Generating eco-friendly power with metal rotor blades

May 7, 2015, Fraunhofer-Gesellschaft
Technology demonstrator: formed from a 1.0 mm steel sheet and featuring integrated, folded reinforcement, the rotor blade was given its final shape with the help of an oil-water mixture. Credit: Fraunhofer IWU

Wind turbines deliver environmentally friendly electricity. Yet the fiber-reinforced plastics often used in very large rotor blades are almost impossible to recycle. Not so with steel blades: since these are composed of steel, their recyclability exceeds 90 percent. Plus they cost significantly less than comparable plastic blades.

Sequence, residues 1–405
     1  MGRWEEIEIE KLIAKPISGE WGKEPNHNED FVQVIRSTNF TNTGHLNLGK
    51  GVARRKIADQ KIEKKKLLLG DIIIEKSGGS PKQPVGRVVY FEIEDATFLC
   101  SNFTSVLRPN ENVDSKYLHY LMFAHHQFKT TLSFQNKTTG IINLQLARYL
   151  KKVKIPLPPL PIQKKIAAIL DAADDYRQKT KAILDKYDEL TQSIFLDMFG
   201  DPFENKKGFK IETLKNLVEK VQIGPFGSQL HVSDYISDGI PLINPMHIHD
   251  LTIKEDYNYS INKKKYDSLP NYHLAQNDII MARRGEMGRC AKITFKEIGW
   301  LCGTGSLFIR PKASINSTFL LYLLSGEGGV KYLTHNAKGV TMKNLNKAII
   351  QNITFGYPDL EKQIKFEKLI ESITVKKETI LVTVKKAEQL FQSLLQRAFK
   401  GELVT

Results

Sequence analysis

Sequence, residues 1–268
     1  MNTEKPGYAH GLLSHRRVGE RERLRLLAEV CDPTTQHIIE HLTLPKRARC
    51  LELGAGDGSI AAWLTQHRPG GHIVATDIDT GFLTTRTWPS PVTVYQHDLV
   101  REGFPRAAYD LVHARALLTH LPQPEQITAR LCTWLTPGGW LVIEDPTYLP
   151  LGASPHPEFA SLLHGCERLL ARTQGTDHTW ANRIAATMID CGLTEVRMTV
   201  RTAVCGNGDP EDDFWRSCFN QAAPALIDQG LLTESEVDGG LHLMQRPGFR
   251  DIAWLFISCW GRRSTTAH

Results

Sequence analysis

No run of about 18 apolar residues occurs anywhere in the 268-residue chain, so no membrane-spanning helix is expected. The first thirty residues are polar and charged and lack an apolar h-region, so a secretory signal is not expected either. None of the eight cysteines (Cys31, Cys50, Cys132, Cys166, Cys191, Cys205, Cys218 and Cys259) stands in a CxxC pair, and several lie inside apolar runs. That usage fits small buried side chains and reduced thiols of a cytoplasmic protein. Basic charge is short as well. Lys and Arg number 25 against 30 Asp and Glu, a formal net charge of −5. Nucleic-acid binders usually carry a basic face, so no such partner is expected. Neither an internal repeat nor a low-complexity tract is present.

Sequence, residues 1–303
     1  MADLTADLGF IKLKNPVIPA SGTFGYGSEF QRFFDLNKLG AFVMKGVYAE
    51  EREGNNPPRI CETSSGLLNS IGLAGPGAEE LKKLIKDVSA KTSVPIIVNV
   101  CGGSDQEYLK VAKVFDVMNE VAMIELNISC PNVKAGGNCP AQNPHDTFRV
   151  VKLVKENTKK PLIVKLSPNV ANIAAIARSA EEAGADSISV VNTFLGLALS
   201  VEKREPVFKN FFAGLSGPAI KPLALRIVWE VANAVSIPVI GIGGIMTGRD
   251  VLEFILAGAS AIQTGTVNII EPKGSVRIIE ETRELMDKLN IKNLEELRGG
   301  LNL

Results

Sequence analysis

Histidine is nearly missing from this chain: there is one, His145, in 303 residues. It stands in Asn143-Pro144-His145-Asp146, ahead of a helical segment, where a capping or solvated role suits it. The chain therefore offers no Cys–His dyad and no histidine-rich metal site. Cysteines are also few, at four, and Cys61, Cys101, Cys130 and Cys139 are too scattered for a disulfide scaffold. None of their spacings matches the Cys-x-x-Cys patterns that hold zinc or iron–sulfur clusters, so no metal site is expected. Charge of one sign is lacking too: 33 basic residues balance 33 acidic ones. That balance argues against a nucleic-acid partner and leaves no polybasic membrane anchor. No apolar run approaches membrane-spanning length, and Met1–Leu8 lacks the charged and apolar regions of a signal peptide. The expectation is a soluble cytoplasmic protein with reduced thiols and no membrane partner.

Wind turbines feed eco-friendly power into the grid. To keep their weight down, the majority of larger rotor blades are made from fiber-reinforced plastics. These materials are rarely recycled at present, in part because it is very complicated to do so. Researchers at the Fraunhofer Institute for Machine Tools and Forming Technology IWU in Chemnitz are therefore focusing on metal, and especially steel, as a blade material. In smaller installations, the greater weight of the steel blades is inconsequential; as installations get larger, light alloys can be used to keep blade weight down. Collaborating with colleagues from the Free University Brussels (VUB) in the HyBlade project, Fraunhofer IWU is developing the required aerodynamics as well as the necessary manufacturing process chains. Manufacturing steel blades offers numerous advantages. "First, it makes turbines significantly more ecological, since more than 90 percent of the steel can be recycled – so using metal makes wind power truly environmentally friendly," explains Marco Pröhl, a researcher at the IWU. "What's more, compared to similar blades made of fiber-reinforced plastic, the cost of rotor blade mass production drops by as much as 90 percent – and the blades can be manufactured more accurately."